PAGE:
Vikings Around the League

Several prominent former Vikings have been making headlines around the league for varying reasons. Find out how they've been doing, what they've been saying, what others have been saying about them and their anticipated roles in 2006.


Comeback quarterbacks are making headlines around the NFL, especially Carson Palmer of the Bengals, whose rehabilitation from a knee injury suffered in last season's playoffs, was featured on the cover of Sports Illustrated.

Meanwhile, Dolphins quarterback Daunte Culpepper, was also in the news, although the headlines were limited to the Miami area.

Coach Nick Saban revealed that Culpepper has been given medical clearance to practice his drops and nearly every skill needed to play his position.

"He may not do it quite as quickly, but he's doing it and effectively enough to participate," Saban said.

Saban won't go on record predicting when Culpepper will play, but it appears he could play in at least one exhibition game.

As for Palmer, his SI cover shows him in a pool, with the headline simply, "The Rehab of Carson Palmer."

"It's definitely flattering to be on the cover of any magazine," Palmer said, "especially a magazine like that, but it's not like I'm on it for winning a big game. I'm on it for being dinged up. When you're on it because you're injured and not able to practice, it's not as good. But it's still a huge honor."


He had grown accustomed to starting during most of his career in the NFL. But at the age of 35, Todd Steussie knows he can't be choosy if he wants to keep playing. So, he signed a one-year contract with the Rams as a backup tackle behind Orlando Pace and Alex Barron, but before he knew it, there he was lining up with the first unit in minicamp at left guard because Claude Terrell was unable to practice because of a wrist injury.

"It's maybe working outside the comfort zone a little bit, but ... wherever they need me, I'm willing to go," Steussie said of playing guard.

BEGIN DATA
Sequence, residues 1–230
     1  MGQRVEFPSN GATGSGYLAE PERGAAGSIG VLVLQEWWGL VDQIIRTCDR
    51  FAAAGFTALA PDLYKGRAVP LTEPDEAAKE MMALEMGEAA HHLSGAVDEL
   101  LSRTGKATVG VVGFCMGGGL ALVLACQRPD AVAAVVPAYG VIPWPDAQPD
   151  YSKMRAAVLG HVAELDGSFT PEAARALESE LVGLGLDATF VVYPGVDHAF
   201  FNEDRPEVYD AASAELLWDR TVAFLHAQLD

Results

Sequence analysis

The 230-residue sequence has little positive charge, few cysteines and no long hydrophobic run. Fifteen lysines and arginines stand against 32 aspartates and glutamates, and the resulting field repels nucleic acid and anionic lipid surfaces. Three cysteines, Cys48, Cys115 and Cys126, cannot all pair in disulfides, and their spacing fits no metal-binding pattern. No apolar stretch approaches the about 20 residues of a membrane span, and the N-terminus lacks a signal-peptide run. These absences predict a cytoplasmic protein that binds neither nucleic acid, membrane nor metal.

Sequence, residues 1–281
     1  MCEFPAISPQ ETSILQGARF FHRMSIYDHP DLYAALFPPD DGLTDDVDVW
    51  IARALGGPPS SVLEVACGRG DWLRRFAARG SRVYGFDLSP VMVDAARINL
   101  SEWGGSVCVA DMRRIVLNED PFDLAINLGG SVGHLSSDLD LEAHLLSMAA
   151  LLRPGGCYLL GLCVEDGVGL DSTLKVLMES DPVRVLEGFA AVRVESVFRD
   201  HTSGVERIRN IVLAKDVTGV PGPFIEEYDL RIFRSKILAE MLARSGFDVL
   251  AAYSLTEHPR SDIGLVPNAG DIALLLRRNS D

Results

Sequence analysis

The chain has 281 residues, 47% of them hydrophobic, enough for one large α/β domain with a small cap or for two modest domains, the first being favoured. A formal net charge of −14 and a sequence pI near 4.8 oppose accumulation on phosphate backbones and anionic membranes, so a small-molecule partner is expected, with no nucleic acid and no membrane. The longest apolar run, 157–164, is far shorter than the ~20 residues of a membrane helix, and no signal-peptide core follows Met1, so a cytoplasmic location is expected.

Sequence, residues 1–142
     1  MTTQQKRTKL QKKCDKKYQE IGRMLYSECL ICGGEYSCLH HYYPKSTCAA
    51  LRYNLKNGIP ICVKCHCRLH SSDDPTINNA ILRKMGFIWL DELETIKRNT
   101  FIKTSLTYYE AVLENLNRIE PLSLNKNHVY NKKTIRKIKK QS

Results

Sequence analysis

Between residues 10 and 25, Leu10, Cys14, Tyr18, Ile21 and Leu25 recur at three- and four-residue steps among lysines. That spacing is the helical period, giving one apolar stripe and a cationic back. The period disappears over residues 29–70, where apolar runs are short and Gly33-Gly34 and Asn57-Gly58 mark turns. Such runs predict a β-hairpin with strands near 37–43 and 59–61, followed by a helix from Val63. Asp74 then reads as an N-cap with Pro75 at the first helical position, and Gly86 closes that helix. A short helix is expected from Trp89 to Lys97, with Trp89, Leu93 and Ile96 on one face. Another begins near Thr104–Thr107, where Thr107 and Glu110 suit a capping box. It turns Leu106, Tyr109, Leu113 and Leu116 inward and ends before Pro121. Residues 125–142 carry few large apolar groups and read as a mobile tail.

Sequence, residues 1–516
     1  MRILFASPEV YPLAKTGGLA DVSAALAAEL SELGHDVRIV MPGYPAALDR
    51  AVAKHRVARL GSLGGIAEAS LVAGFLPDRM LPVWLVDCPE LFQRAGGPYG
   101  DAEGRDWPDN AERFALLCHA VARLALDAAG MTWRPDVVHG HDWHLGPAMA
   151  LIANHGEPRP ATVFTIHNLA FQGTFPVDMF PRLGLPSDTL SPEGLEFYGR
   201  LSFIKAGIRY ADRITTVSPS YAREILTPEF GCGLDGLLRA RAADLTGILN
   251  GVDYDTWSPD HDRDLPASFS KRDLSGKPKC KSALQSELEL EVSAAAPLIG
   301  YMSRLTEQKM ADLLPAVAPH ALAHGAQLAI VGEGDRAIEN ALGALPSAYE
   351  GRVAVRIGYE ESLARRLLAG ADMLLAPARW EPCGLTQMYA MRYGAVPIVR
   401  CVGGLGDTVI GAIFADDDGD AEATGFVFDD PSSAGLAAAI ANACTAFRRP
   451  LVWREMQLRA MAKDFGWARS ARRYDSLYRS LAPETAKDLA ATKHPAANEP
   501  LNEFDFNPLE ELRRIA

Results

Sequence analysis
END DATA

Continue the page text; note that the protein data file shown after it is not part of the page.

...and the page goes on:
He also understands his role as a probable backup.

"You maybe don't get to compete as much on Sunday, but I enjoy the locker room, I enjoy the guys, I enjoy the competition during the week," the former Vikings first-round draft pick said. "I had some guys that when I first got in the league were able to advance my understanding of the game a lot quicker, and if that's my role on this team, I'll be happy to do it.

"It's an opportunity to continue a career that has changed a little bit over the years. But it's still a lot of fun, and I enjoy it quite a bit."

Steussie was with Tampa Bay last season, but while playing in every game, he didn't start any. He could have stayed with the Bucs, but said, "They had a youth movement going on; the locker room was starting to look a little crowded. I saw a better opportunity here."

He also liked the fact that new Rams offensive line coach Paul Boudreau was his position coach for two years with the Carolina Panthers.

"I've always had a lot of respect for him," Steussie said. "From the moment I played under him at Carolina, we saw eye to eye technique-wise. What he preaches is what I do."

In his first 10 seasons with Minnesota and Carolina, Steussie started 159 of a possible 160 regular-season games. So, pardon him, if he admits to taking a while getting used to not starting.

"That was a humbling experience," he said. "But in a lot of ways, to be humbled is probably a positive thing in the long run. Adversity is where most of life's lessons are learned.

"I feel like I still could start if given the opportunity. But it's also a game where coaches are always looking for the younger guy to develop. And I understand that. But if I'm given the opportunity to play, I plan to make the most of it."


Running back Michael Bennett, who was signed as an unrestricted free agent by the Saints in March, continues to be the topic of trade talk with at least three teams.

The Saints have apparently talked to the Houston Texans, Miami Dolphins and Kansas City Chiefs about Bennett, a former first-round draft pick who played his first five seasons with the Minnesota Vikings.

The 27-year-old Bennett was signed to be the primary backup to Deuce McAllister, but those plans changed when Heisman Trophy winner Reggie Bush fell to the Saints with the second pick in the April draft.

Reportedly, the Texans have made the biggest push to acquire the 5-foot-9, 209-pound Bennett. He signed a two-year contract with a reported signing bonus near $1 million and base salaries of $700,000 this season and $1.2 million in 2007.


The Eagles traded wide receiver Billy McMullen to the Minnesota Vikings for undrafted rookie wide receiver Hank Baskett earlier this month. McMullen, a third-round pick in the 2003 draft, had been a disappointment, catching 22 passes in three seasons.

The Eagles worked out the 6-4, 220-pound Baskett before the draft and were considering signing him, but the Vikings beat them to the punch.

"Philadelphia traded a third-round draft pick for me," Baskett said.

The Eagles drafted two wide receivers — Jason Avant (fourth round) and Jeremy Bloom (fifth round) — but neither has Baskett's size or leaping ability. They have the option of putting him on the practice squad next season, which they didn't have with McMullen.

QUOTE TO NOTE: "When I got hired, people from Minnesota said, `Hey, you're going to love Randy Moss.' And I don't see anything that has changed that." — Raiders coach Art Shell on his most high-profile star.

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